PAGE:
China is a world leader in international shipping.
Today China is one of the greatest import-export powers in the world, regularly shipping goods to ports around the world. Chinese businesspeople are rightly considered shrewd exporters, supplying popular supplies to receptive markets worldwide.
Is China a latecomer on the international market?
We generally think of China as a latecomer on the international shipping scene, especially when compared with European nations that were aggressively sea-faring during the 1600-1800s such as Britain, Portugal, and Spain.
However, much earlier–during the 1300-1400s, before the “Golden Age of Sail”, China was a leader in exploration, shipbuilding, and international shipping.
Ming Dynasty and international shipping.
The ruling emperors of the Ming dynasty actively supported innovations in sea-faring by commissioning huge vessels called “treasure ships” to ply the waters far from their homeland.
These treasure ships ventured south down the coast of mainland China, to the trading ports of south-east Asia and beyond as far as India. They were engaged in exploration as well as mercantilism. To accommodate these long voyages and cargoes of trade goods, the ships were of enormous size – 7,800 tons! That is three times bigger than the largest ships British shipyards were turning out before the 1800s.
These treasure ships were juggernauts of the sea!
Monsoon winds used for China shipping.
Huge trees as masts were required for these juggernaut ships, which moved exclusively under sail and were cleverly piloted by mariners who knew how to take advantage of the seasonal winds of the monsoon.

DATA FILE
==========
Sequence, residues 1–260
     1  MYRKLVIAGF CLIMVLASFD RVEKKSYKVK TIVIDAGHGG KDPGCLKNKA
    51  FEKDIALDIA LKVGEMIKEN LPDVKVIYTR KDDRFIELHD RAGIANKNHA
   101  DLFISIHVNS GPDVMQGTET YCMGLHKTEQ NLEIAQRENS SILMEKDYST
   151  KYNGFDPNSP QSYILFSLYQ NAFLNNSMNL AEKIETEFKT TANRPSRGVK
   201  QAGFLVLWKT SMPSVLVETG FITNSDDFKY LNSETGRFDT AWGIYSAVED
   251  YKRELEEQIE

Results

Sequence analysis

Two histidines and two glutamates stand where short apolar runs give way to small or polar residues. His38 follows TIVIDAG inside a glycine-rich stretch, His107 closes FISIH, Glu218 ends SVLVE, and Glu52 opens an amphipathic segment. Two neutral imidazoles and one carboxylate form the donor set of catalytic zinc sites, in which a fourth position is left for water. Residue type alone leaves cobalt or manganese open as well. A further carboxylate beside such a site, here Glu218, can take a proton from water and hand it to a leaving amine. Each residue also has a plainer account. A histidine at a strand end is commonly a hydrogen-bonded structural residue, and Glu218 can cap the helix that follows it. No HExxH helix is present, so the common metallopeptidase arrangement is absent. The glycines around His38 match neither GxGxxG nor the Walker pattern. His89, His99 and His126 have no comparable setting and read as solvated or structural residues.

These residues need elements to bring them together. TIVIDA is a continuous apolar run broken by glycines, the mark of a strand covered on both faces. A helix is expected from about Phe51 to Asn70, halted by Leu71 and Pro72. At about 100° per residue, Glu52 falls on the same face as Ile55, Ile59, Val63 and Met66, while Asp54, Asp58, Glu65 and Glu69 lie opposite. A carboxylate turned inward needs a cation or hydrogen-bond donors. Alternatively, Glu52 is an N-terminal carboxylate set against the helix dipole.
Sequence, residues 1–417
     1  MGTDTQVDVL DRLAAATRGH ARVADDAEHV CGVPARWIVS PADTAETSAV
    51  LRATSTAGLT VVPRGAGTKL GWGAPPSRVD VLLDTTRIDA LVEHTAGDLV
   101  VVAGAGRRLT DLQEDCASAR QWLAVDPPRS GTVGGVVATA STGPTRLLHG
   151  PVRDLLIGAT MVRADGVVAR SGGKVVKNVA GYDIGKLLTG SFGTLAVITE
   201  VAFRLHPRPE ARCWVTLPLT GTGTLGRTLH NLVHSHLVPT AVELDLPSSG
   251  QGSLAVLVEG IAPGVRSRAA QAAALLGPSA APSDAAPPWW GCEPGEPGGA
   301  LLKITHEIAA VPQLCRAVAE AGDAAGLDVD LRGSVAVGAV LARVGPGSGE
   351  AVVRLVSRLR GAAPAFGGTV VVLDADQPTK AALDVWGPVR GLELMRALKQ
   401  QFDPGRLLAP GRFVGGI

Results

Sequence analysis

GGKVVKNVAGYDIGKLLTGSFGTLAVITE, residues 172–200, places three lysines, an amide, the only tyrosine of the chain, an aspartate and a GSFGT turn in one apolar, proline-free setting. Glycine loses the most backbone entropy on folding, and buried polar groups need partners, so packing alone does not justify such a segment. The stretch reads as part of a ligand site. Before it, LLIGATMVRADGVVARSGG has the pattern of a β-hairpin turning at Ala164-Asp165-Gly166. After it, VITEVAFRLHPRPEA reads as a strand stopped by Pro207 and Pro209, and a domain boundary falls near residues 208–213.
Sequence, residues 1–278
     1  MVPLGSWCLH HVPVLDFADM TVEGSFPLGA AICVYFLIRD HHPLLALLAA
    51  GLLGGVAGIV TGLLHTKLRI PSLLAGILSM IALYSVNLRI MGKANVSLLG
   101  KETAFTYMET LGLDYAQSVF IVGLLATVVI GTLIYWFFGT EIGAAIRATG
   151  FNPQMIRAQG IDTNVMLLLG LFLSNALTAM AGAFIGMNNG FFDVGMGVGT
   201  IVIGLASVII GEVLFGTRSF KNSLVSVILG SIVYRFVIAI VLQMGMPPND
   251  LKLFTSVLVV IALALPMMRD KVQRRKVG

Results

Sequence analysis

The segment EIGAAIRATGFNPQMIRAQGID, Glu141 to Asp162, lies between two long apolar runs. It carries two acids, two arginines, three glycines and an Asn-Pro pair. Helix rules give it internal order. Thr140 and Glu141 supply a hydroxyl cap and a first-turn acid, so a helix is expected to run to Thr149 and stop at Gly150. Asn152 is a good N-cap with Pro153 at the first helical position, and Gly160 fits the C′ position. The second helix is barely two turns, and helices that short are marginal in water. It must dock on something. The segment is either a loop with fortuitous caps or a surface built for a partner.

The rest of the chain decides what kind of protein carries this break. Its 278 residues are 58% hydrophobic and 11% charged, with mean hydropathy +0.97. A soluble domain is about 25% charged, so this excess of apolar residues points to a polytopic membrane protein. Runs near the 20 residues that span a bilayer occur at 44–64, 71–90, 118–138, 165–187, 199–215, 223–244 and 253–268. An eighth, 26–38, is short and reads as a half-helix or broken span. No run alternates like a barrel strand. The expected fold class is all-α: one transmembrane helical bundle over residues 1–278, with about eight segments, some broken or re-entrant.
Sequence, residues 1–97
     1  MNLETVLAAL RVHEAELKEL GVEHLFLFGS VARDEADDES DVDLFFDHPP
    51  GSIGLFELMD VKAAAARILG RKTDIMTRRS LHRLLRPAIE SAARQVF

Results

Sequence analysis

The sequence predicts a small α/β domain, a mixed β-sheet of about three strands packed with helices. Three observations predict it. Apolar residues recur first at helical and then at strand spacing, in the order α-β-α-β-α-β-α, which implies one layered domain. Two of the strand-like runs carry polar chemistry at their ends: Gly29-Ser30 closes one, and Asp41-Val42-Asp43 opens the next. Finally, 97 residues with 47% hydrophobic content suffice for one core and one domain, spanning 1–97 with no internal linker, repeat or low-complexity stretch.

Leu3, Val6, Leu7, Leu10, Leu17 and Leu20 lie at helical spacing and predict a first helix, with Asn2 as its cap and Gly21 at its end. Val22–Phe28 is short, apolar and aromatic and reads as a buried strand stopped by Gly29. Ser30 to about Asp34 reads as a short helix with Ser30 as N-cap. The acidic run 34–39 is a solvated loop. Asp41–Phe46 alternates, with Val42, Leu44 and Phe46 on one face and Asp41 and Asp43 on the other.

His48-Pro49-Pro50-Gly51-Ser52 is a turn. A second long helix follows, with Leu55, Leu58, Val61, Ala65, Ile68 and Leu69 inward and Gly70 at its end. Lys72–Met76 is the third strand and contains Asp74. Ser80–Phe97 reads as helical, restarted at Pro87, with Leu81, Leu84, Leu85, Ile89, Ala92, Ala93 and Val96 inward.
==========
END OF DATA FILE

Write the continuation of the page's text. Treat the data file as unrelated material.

By riding those winds into far away destinations, Chinese mariners were able to collect trade goods that were transported from places even further east. The next monsoon season, the same winds could blow a mariner and his ship back the way they came, their holds full of import cargo such as frankincense and rugs that they gained in exchange for the products they exported, such as silk.
The ships could haul back a variety of trade goods and, as a natural consequence of their combination of colonialism and commercialism, increased China’s international influence.
Chinese international shipping shifts with the Qing dynasty.
This booming international trade and cultural exchange through these big, well equipped treasure ships faded when the Ming dynasty fell and gave way to a new dynasty, the Qing. Qing dynasty emperors were typically more interested in consolidating and administering their interior assets than expanding their knowledge and power over the sea.
The Qing put their money elsewhere and without the funding of the Chinese government, the fleet of treasure ships and their mission to expand Chinese trade networks and cultural influence fell into disrepair.
Chinese imports and exports continue privately.
It was left to private Chinese businesspeople to fill in the gaps left in international shipping along the southern coast of Asia. While it was the government funding of these impressive treasure ships which began China’s foray into international shipping and commerce, China’s international shipping continued through humble private merchant sailors making their way through dangerous monsoon winds as far as they dared.
Today, private Chinese citizens continue in this tradition of independently seeking new markets for their products and importing the best of what the world has to offer. Of course, the Chinese government has a large hand in the nation’s international shipping.
Universal Cargo Management helps people import from and export to China every day.